Neoliberalism on Trial: The Rise of the Fast-Pased Linear Economy
By lucas@endneoliberalism On 4 Jun, 2017 At 08:10 PM | Categorized As Urban Farming | With 0 Comments

Economic growth is a delusion under a Linear Economy. Global GDP skyrocketed from $1.34 trillion to $60.6 trillion in only four decades; GDP, however, accounts for each and every economic transaction, whether it be diabetes treatment, the cleaning of oil spills, or even war. Paul Hawken exposes in Natural Capitalism that “$2 trillion of the $9 trillion spent in the US annually is wasted, meaning that money spent does not give value, while half of the entire GDP is attributed to some form of waste.”[xi] For a sense of how linear the global economy is, McKinsey reports that about 80 percent of the $3.2 trillion worth of materials the world uses each year is not recovered. As of 2017, the European Union has lead the movement toward a more Circular Economy and implemented various policies that encourage product reuse, remanufacturing, and recycling; however its circularity rate reached only 11%. This means that 89% of resources extracted are wasted in a short life-span.

In just half a century, we have depleted the world’s oil, water, rain-forests, fisheries, and every kind of resource that sustains our consumer-centered lifestyle. The problem will only get worse under this economic equilibrium. Global demand for limited resource stocks would reach 130 billion tons by 2050, up from 50 billion in 2014.

The Story of Stuff video gives a very good picture of how a Linear Economy works and how the real costs of products are externalized. A Linear Economy is one in which resources are extracted, turned into manufactured goods, and discarded due to perceived or technological obsolescence. Materials go to landfill instead of being recovered, and businesses manufacture products from virgin resources only to end up in the landfill in a short span.

In other articles, Neoliberalism on Trial showed how military coups deposed of democratically elected governments  and also  IMF programs bailed out those who did business with dictators.   This section will show these imperialistic events created a market equilibrium that supported the Linear Economy with access to cheap resources and labour.

How Military Coups and IMF Programs Sped the Linear Economy

Mineral exploitation in Latin America grew 400% between 1990 and 1997[i].  The profits all went to translational mining companies, while the exploited countries were left in shambles and continue to be wrought with extreme levels of poverty until this day. Today, Peru is the world’s fifth producer of gold, first in silver, third in copper and zinc, and fourth in lead, but 51% of its population are poor and 24% live in extreme poverty [ii]. Similarly, mining exploration projects in Argentina went from 18 at the beginning of the decade to 614 in 2012. Argentina now ranks 10th in gold and silver production, it is the third-largest producer of lithium, has vast uranium deposits, and is set to produce 2.4Mt of potash in 2012.[iii]  A mining law passed during the Menem government, Law 25.196, determines the number of royalties for the provinces at 3%.[iv]  Maristella Svampa reports that “[m]ore than half of the mining projects in Argentina are located in the provinces of San Juan, Catamarca, La Rioja, Salta, and Santa Cruz, which together have the highest poverty rates of the country”.[v]  Argentina is also the largest exporter of Monsanto’s soy. It took 25 years of dictatorship and IMF programs for Neoliberalism to destroy Argentina’s economy. Left with large odious debts and a weak local industry, the Kirchner government did what most Neoliberal governments do:  allowed multinationals in soy and mega-mining sectors to rip off the cheap resources that the Neoliberal market equilibrium had left.[vi]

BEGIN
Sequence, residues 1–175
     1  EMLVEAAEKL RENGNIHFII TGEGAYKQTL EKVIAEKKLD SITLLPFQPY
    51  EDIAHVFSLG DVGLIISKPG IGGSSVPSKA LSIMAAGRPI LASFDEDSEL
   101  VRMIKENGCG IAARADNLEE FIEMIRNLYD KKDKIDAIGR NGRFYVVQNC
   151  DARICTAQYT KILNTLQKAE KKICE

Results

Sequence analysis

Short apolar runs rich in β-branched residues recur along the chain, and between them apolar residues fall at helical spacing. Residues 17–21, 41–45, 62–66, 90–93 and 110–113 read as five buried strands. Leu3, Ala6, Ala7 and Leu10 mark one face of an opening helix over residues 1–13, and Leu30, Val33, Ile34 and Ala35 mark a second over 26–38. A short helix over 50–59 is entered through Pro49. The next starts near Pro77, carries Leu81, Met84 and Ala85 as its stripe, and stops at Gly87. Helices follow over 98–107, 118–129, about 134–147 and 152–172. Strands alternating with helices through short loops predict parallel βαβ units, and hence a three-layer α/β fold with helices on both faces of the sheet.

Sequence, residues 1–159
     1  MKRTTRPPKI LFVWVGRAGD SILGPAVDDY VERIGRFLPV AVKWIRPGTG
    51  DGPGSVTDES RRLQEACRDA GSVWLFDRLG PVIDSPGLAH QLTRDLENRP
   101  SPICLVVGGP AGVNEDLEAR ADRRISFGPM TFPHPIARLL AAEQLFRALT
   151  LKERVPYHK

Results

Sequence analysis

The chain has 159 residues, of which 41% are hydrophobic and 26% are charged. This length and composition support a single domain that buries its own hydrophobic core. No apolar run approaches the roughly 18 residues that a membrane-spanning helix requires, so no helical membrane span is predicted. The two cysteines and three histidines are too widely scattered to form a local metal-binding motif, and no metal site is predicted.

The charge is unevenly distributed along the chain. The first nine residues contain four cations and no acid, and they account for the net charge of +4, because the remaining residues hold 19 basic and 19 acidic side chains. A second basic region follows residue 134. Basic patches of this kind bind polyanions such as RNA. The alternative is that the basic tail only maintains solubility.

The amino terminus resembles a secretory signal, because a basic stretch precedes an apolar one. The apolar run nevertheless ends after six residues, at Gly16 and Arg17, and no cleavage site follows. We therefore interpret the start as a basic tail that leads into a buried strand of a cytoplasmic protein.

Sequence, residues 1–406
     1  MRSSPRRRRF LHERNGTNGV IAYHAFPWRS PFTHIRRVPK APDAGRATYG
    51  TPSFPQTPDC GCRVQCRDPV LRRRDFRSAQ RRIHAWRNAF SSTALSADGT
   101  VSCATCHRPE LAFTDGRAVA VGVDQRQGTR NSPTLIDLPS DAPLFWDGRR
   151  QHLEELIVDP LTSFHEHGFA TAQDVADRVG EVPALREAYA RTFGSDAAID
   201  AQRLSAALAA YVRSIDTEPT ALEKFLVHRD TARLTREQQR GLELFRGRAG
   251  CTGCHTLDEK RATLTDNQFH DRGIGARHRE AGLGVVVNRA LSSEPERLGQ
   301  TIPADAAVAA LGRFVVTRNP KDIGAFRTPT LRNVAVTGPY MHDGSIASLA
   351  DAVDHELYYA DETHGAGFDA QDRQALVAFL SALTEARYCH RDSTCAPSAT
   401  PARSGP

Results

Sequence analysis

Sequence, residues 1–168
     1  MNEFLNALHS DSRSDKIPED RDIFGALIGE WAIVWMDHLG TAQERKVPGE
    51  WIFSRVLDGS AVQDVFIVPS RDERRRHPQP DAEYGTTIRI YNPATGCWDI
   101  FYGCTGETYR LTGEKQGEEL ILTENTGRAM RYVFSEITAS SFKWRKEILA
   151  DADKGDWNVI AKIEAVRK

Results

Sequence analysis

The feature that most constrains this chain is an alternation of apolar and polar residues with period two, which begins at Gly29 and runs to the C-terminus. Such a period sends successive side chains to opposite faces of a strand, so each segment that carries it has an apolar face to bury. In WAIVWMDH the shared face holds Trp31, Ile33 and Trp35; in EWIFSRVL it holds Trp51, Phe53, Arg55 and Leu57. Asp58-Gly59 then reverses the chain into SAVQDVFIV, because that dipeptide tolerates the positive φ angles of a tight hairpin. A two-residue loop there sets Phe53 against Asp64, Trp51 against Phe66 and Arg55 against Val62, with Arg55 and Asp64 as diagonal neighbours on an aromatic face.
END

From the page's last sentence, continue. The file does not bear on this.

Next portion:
Of Brazil, Jordi Miro reports that “mining production reached an estimated $11 billion in 2011, 20 percent higher than the previous year; while Ecuador is projecting 5.35 percent growth in its gross domestic product in 2012 as a result of gold and silver mining.”[vii]

Africa is the other major region that specializes in exporting resources. Congo’s mineral reserves include gold, diamonds, copper, cobalt, precious woods, diamonds, and coltan. Nevertheless, 80% of Congolese live in extreme poverty conditions[viii] .Ines Benitez reports in an article titled “Two Children May Have Died For You To Have Your Mobile Phone” that Congo enjoys approximately 64% of worldwide cobalt reserves, the material used in electronic equipments, and that “the extraction of cobalt contributes to maintaining one of the bloodiest armed conflicts in Africa, which has led to more than five million deaths, massive displacements of the population, and the rape of 300,000 women in the last 15 years, according to human rights organizations”.[ix]  The Financial Times reports that “Ivory Coast cocoa exports account for about 40% of global production. Cocoa exports contributed to as much as 30 per cent of the government military expenditure during one six-month period between 2002 and 2003 and has provided about $30 million a year to rebel groups since 2004.” [x]

In Ghana, Jason Tockman reports that mining, which has increased fivefold in just 3 years, has destroyed sixty percent of rain-forests in Ghana’s Wassa West District and has also polluted surface and groundwater with cyanide and other chemicals.[xi]